30:05 The Chrome extension is taking off. You go back to the webinars and finding influencers as a way to reach new customers and that's helping to drive sales. At what point did Jungle Scout evolve for all just a chrome extension to also a a where both SaaS application.
30:29 Yes I think after I've been sewn the extension for about six months at this point is making a lot of money. So you know Jungle Scout have a little money in the bank account. And I was trying to think about the future like how am I going to continue to scale this. And one you know I would like recurring revenue. Everyone always talks about how great that is and it sounded pretty nice to me as well. So I really went something with the recurring revenue. And there were things that could really benefit Amazon sellers. That's from a technical standpoint weren't we weren't able to do inside the extension. So at this point like I had a few choices I could either maybe not build those features that due to technical limitations are going to be done the extension or I could scrap the extension just move everything to a SaaS app or a combination that's what I ultimately chose like I'm going to keep the Chrome extension people really like it they really like the UX that you know you can be on any Amazon page and click this little button and see a whole bunch of good information about those Amazon products.
31:34 So yeah I guess it was you know I wanted the recurring revenue I was to be honest probably partially just interested in like a new challenge a new you know to do something different. And at that point like I felt like I had the money and the resources to build a higher a little bit more like experience developers who had experience building you know production level SaaS apps.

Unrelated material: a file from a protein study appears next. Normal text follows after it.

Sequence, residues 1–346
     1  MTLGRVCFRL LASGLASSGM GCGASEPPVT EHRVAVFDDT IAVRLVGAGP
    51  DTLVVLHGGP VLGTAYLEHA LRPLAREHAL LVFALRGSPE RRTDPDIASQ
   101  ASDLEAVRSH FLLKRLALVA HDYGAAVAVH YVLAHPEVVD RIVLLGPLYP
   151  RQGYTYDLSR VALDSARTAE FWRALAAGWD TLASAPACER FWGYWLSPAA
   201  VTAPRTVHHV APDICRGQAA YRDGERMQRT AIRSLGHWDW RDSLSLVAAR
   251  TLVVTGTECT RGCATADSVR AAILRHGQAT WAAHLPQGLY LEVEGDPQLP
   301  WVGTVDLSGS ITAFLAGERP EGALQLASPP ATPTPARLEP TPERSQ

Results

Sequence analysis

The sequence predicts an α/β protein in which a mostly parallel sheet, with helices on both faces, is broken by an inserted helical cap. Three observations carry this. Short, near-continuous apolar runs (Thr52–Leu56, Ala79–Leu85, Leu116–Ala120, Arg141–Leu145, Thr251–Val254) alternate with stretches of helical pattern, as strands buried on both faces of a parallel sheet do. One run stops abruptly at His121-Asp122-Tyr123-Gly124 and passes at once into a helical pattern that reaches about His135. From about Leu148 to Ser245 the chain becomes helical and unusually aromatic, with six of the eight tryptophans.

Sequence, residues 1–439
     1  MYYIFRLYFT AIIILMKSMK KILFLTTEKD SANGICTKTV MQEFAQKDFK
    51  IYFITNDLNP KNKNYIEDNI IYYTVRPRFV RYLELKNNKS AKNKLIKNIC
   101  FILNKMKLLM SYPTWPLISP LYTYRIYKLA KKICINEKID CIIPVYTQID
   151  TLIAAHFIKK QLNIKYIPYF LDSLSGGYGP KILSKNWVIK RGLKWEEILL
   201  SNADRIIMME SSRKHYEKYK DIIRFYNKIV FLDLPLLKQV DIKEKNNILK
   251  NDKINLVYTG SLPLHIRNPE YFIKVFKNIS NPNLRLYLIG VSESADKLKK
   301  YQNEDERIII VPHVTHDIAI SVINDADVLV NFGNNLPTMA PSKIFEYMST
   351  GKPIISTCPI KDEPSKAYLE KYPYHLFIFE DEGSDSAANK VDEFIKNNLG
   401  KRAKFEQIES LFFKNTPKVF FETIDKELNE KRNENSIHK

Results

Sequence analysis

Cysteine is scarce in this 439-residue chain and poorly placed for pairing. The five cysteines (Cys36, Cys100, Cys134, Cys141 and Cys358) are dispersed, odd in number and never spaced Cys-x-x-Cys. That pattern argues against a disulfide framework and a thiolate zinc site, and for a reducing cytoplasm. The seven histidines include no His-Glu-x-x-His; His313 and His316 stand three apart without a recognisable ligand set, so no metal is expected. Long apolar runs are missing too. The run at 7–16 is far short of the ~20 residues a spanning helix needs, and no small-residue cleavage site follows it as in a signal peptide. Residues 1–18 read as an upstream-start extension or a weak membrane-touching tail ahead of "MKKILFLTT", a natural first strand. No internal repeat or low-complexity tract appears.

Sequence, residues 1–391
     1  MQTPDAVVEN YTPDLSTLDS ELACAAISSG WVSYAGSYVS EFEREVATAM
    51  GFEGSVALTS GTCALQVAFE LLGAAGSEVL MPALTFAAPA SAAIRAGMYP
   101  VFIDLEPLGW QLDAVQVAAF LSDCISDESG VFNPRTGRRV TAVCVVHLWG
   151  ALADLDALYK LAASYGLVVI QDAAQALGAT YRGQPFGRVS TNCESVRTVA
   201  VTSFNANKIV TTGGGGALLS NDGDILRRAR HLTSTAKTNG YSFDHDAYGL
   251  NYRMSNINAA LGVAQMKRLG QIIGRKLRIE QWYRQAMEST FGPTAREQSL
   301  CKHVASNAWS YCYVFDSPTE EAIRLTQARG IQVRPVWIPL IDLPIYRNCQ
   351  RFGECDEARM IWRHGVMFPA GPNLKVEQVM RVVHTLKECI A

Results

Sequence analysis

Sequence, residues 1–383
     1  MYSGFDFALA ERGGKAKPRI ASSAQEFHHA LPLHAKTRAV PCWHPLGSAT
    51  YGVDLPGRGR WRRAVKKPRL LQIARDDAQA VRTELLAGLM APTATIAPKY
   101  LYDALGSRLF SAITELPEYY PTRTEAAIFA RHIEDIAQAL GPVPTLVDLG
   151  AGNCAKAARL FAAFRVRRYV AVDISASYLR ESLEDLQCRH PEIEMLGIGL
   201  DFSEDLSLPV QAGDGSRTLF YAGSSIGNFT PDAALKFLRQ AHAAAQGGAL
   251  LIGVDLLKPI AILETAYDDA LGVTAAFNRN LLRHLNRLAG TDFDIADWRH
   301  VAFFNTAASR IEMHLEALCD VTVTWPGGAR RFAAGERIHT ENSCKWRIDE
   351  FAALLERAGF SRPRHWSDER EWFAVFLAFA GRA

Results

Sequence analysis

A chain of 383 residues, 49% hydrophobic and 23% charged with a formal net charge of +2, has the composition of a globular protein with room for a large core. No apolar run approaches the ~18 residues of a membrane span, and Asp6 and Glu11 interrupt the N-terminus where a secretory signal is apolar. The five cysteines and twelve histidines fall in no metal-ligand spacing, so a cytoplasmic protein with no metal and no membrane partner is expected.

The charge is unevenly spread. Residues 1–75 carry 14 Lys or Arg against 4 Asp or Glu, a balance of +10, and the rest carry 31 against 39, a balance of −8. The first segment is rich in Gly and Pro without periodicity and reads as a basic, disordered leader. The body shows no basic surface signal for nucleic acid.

32:00 And how much did you have to spend to build that SaaS application just like to get it off the ground. I think I was probably in like maybe 30 or 40 thousand dollars and then so that was like for the bare minimum product. And yeah I mean and we've been working on it ever since. A lot more money since then obviously.
32:24 How did you get that explosive growth. Because to go from two and a half years to let me let me have a Chrome extension that I can use as a tool for myself. And you know if I'm lucky somebody else might want to buy two too.
32:42 Suddenly here's a business with 35 plus people multiple seven figures in annual revenue. How did that growth happen.
32:57 Good question. It's always like you know these podcasts and talking to people like you Omer and others. It's always like a good time to kind of reflect on these things right because like when your interest in the day to day grinds like no we need more customers, we need more customers. But looking back it's like I guess what we have achieved is pretty pretty special and pretty crazy.
33:16 So it is just the kind of answer that question me I'll touch on some like the growth channels and marketing channels that we use that were successful is our content marketing is what really works well for us today. So people hear that and what the heck is content marketing, how do I do that? We put out or yes like the Jungle Scout website is of course unbiased but everyone tells us this too is like the best read you know like place for educational resources for Amazon sellers even if you never purchase any of our products. So like we have like really in-depth case studies we have like free tools that you can just kind of like use you know like on the website to help you with things. Our YouTube channel you know like where you're posting one or two or three videos a week of like explaining people how to do all these different things with their Amazon account so it's like it's the go to place for everyone to you know if you have any questions about Amazon either how to start selling or more complex problems or really how to optimize your listings so like we've we've built this resource in all of the content we build is totally for free.